Download Jim Lomastro’s testimony (docx): Elder Affairs S406 Small Homes DAM.
Good morning. Thank you for the opportunity to speak about Senate Bill 406, “An Act Relative to Small House Nursing Homes.”
My name is Jim Lomastro, and I am a member of Dignity Alliance Massachusetts.
This bill is a strong start toward the transformation of long-term care necessary to ensure the dignity, self-determination, and quality of life of those in need of nursing facility-level care.
While the majority of older adults and individuals with disabilities – who currently reside in nursing facilities are unnecessarily institutionalized and could be served in their homes and communities -we recognize that there is a need for specialized congregate care. We feel strongly that, to ensure high quality and high value care – centered in dignity and independence, it must be delivered through the small house model of care.
While the small house design most clearly involves architectural plans – residential environments with private rooms and bathrooms, home-like living and dining rooms, and accessible kitchens and outdoor spaces – it is far more than simply a building.
Small house model design is a radical change in the delivery of care, embracing best practices for providing community-based care and avoiding the impersonalization and stigma associated with institutions.
It requires a cultural metamorphosis away from the medical/institutional model of care that serves the needs of the institution and towards a focus on the needs and preferences of each individual resident.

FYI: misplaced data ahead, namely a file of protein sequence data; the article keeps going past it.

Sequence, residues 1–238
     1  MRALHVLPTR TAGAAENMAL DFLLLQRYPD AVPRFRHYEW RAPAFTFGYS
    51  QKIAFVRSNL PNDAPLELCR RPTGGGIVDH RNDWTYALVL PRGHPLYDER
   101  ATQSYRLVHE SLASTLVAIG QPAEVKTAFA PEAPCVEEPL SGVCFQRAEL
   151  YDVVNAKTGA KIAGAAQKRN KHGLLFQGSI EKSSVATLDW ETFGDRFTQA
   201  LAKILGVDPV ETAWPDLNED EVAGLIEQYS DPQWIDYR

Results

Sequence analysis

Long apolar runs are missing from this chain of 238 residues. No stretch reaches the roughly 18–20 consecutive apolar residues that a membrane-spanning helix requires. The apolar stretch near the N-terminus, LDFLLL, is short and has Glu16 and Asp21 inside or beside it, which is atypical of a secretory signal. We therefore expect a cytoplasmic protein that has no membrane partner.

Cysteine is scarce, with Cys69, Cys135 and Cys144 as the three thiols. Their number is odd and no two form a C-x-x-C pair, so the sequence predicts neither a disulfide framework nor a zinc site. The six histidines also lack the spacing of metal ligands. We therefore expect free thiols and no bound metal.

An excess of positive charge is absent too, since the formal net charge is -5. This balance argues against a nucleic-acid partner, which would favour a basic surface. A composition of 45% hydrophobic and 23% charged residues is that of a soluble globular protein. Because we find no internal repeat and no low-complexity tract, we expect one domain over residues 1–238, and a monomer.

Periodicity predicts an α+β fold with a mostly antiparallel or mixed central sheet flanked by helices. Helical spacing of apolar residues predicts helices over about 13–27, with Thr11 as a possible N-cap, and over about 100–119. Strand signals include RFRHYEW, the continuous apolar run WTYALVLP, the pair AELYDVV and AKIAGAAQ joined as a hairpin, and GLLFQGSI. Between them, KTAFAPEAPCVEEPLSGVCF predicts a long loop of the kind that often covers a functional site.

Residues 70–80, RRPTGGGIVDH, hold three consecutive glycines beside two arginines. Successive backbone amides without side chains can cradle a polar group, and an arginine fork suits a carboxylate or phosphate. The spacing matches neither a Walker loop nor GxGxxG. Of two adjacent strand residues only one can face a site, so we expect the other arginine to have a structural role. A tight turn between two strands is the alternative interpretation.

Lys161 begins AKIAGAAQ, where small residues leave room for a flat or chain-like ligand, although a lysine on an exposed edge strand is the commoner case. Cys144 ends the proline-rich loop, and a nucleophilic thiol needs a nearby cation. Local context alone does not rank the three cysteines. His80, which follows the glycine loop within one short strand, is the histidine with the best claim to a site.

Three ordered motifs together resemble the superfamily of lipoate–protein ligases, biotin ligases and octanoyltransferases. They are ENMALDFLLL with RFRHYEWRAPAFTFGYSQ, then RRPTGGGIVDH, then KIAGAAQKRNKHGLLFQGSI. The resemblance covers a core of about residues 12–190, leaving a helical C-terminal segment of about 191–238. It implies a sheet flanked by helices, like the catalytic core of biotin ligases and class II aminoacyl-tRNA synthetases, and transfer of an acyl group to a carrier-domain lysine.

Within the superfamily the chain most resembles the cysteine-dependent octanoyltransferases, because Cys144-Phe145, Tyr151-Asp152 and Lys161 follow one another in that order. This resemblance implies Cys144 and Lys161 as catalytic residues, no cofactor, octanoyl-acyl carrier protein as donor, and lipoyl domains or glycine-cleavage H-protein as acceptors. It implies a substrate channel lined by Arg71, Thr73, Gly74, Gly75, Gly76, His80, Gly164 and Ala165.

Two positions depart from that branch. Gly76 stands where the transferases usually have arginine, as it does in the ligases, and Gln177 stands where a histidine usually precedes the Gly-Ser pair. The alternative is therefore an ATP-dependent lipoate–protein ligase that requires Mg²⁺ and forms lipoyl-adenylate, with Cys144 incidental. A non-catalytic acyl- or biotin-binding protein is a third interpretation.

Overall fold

A more comprehensive bill is necessary to ensure that the nursing facility industry does not superficially change congregate care settings by adopting the façade of the small house model of care while neglecting the true transformation of the culture and delivery of care.
A small house culture centers on the residents and surrounds them with a self-managed team of care partners. The model of service delivery is person-centered and founded on the core values of an empowered staff and highly collaborative relationships.
Ultimately, we support the spirit of this legislation, if not the current version. What is needed is a comprehensive overhaul of the delivery of long-term care to the Commonwealth’s older adults and individuals with disabilities. To achieve this vision, legislation must address more than just the physical plant of nursing facilities. To truly provide a quality of life centered on a holistic view of residents that preserves their dignity and independence, legislation must address changing the mindset and culture of institutional care through training, education, and accountability.